For details of Bobby Wolff’s autobiography, The Lone Wolff, contact theLoneWolff@bridgeblogging.com. If you would like to contact Bobby Wolff, please leave a comment at this blog. Reproduced with permission of United Feature Syndicate, Inc., Copyright 2015. If you are interested in reprinting The Aces on Bridge column, contact reprints@unitedmedia.com.

The Aces on Bridge: Monday, August 10th, 2015

Ten thousand difficulties do not make one doubt.

Cardinal Newman


S North
None ♠ Q 9 7
 9 8 6
 J 7 5
♣ K 10 6 4
West East
♠ K 6 5 3
 Q 2
 Q 10 2
♣ 9 7 5 2
♠ A 8 4
 K 5 4 3
 K 6 4 3
♣ 8 3
South
♠ J 10 2
 A J 10 7
 A 9 8
♣ A Q J
South West North East
1 ♣ Pass 3 ♣* Pass
3 NT All pass    

*6-9 HCP

♠3

When South upgrade his hand out of his strong no-trump range of 14 to 17, North treated his hand as worth a club raise. This combination of actions led to NorthSouth stretching to a thin, though not hopeless game.

When West led a low spade to the first trick, declarer could see that he was very short of entries to dummy to play hearts. So he carefully put in dummy’s spade nine to the first trick. East won his ace as South unblocked the 10, and had one chance to defeat the game — though it would have required great defensive cooperation. He must shift to a diamond to let West win and go back to spades. Instead, though, he made the more normal play of continuing the attack on spades. West ducked the second spade, so declarer won dummy’s queen and led a low heart to the jack and West’s queen (ducking does not help today). That player cashed his spades as South pitched diamonds from both hands. When West exited with a diamond, declarer won in hand and cashed off the four club winners to discard his last diamond.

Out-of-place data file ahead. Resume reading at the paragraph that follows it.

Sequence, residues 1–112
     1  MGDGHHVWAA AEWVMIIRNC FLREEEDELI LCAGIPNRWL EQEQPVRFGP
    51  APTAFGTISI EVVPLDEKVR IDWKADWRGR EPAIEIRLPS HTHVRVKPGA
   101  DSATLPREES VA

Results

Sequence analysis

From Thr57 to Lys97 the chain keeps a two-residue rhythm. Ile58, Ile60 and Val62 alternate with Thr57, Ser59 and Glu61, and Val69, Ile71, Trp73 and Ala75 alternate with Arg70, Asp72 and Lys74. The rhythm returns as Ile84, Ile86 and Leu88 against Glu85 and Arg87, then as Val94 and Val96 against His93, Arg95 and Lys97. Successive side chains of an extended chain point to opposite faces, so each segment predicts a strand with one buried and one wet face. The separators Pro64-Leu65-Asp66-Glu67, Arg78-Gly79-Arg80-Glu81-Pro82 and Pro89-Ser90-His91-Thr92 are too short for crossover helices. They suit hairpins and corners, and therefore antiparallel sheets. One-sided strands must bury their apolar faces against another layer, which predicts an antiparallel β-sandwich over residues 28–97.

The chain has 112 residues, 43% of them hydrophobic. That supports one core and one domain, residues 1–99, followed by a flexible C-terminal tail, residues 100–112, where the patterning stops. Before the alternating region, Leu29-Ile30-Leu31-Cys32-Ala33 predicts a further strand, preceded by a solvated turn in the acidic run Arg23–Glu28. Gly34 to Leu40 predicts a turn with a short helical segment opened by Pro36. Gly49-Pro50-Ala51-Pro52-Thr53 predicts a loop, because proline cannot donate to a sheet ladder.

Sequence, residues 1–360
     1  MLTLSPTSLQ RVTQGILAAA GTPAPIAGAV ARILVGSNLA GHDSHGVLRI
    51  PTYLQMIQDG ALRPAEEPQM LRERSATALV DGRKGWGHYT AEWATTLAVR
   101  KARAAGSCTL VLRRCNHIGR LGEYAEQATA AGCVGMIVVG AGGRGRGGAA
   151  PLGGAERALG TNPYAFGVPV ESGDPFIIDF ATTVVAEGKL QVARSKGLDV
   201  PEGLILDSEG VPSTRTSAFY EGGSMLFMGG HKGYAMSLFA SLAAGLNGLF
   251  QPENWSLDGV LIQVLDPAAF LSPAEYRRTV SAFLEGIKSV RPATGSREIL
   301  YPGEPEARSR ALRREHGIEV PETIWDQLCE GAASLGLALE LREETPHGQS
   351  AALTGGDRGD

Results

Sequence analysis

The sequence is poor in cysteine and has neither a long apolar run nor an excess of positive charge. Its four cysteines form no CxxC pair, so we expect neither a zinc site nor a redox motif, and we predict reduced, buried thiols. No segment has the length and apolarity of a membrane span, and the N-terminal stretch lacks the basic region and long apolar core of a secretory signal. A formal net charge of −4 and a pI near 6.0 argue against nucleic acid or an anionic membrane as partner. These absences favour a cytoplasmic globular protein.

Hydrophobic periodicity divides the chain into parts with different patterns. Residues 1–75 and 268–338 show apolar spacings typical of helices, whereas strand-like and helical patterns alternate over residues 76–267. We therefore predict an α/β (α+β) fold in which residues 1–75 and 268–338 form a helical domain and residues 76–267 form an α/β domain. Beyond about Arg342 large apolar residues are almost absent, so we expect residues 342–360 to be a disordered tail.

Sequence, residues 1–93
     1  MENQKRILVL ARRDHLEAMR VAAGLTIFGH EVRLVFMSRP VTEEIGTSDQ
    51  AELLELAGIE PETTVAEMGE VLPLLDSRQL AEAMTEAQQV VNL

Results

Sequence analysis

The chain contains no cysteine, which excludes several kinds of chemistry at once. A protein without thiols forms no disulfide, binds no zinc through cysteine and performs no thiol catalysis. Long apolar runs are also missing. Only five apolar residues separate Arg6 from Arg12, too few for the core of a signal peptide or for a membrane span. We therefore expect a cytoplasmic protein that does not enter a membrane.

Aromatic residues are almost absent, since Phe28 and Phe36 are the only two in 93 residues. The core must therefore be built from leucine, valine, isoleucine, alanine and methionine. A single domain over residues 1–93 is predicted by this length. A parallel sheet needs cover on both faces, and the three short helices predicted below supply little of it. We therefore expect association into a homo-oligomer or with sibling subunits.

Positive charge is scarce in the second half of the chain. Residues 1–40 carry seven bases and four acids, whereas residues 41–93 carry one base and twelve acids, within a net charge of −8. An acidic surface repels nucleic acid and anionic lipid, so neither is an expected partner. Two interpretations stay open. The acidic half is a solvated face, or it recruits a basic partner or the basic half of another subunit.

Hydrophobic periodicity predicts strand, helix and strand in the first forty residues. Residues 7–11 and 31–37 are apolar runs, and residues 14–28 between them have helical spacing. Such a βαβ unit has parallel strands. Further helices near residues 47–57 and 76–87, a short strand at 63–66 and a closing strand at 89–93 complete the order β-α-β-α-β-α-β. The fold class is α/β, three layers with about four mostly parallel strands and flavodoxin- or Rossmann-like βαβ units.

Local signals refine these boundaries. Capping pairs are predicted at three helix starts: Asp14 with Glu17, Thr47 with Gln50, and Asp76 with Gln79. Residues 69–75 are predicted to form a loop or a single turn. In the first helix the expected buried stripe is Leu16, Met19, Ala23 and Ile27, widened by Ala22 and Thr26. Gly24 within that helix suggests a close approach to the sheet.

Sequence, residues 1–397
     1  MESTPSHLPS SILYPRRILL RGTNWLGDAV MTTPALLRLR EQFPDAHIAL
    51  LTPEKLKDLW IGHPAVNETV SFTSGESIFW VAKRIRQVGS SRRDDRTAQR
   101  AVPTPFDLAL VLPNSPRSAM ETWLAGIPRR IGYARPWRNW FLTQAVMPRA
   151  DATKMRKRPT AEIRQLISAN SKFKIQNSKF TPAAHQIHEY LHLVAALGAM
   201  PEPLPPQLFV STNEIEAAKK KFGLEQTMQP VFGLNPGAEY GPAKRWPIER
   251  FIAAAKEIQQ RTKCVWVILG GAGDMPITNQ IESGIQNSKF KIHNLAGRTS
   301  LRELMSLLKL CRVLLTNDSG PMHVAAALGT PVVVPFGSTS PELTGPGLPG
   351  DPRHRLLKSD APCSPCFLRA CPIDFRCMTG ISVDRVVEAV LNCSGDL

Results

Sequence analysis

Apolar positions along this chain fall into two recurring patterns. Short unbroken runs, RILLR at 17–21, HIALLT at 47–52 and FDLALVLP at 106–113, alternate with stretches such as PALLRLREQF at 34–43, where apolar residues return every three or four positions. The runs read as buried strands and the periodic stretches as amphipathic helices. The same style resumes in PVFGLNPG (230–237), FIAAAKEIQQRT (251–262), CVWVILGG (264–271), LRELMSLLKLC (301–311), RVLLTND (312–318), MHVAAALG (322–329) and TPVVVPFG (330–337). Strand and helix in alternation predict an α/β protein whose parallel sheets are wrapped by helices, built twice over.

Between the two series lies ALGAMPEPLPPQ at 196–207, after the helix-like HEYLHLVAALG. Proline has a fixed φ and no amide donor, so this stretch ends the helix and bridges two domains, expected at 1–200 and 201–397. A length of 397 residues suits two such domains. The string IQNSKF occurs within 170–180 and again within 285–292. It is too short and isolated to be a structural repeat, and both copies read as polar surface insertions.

Now declarer could run the heart nine from dummy and repeat the finesse when East ducked, to score three hearts, four clubs, and one trick in each of the other suits.

Curiously, if declarer does not have the heart seven (switch the heart five and seven, for example) he cannot play the heart suit for three tricks on best defense, because of the entry problems to dummy.